Since the outbreak of COVID-19, law firms across the world have burst into print, keen to share their views as to whether construction or operational all risks policies will respond to the financial loss incurred by cover holders as a result of the interruption resulting from the virus. Many of these articles focus on the meaning of damage and, in triggering cover, whether damage has occurred. But do these articles miss the point? We say they do. But the Insurers have not. And in this article, we explain why.
The Meaning of Damage
The insurance industry accepts that damage is an adverse change in the physical condition of the insured property. And it has relied on this definition for donkey’s years to exclude claims for the repair of defects (see Promet Engineering (Singapore) Pte. Ltd. v Sturge (The Nukila)  2 Lloyd’s Rep 146), which claims the industry says should be made against the supplier or manufacturer. The law reports are littered with examples of property that is damaged by reason of a change in its physical condition at a microscopic level, from fine art (Quorum A/S vs Schramm  2 All E.R. 147) to frozen seafood (Ranicar vs Frigmobile Pty. Ltd.  Tas. R. 113), as distinct from property that is defective, the condition of which has been discovered, but not adversely changed, during the term of the policy.
The difficulty is that the reported cases, and the determination as to whether or not the condition of insured property has adversely changed such that it is damaged, is fact sensitive. In other words, it turns on the particular facts of each case and particularly the expert evidence adduced before the Court. And that’s the difficulty that, at the time of writing this article, the whole world faces. We simple do not know enough about the COVID-19 virus. The world’s resources are aimed at finding a vaccine to the virus. Whether or not that virus causes a physical change to property is of far less consequence.
The Factual Matrix
If we do not know enough about the virus, what do we know to make an informed choice as to whether or not an insurance policy responds to the financial loss resulting from that virus? In the Singapore context, we know three things. First, that from 28 February 2020, COVID-19 was an infectious disease that had to be notified to the Director of Medical Services. Second, as at 7 April 2020 there were 1481 notifications of COVID-19. Third, on 8 April 2019 the Minister of Health issued a Control Order closing premises to entry. What we do not know is when that Control Order can or will be lifted. It is against this factual matrix that we need to consider the extensions to the policy and the application of established law that acts as a tie breaker if a number of causes are in play.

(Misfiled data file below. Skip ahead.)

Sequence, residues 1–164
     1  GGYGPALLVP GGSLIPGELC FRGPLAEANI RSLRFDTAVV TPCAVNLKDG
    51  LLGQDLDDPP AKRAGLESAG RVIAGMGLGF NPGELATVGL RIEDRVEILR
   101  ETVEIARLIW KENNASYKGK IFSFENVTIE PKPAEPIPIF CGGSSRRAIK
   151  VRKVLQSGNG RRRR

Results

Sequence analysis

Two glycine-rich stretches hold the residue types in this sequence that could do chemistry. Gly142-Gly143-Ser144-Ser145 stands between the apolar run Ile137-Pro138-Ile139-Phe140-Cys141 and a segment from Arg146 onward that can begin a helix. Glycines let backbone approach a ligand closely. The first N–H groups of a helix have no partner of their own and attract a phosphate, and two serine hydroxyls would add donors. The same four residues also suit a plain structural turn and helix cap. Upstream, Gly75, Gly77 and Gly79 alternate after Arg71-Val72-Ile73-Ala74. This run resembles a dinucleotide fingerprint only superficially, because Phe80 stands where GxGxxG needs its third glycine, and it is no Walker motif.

Infectious Disease Extension
If a cover holder is faced with a financial loss resulting from the closure of its premises as a result of the Control Order then the first place it should look are the extensions to its policy, and particularly whether it has paid for a Notifiable Infectious/Contagious Diseases extension. This extension provides an indemnity for financial loss resulting from the outbreak of a notifiable infectious disease. Over the years, and particularly since the SARS outbreak, the ambit of this cover has been narrowed by reducing the geographical scope: from an outbreak within 25 kms of the insured property to an outbreak within 2.5 kms or to manifestation within a person at the insured property. To benefit from this extension, the cover holder does not have to establish damage. Instead, it must establish that a notifiable disease has occurred at or within the geographical limits and that, as a result, it has incurred financial loss.
Public Authorities Extension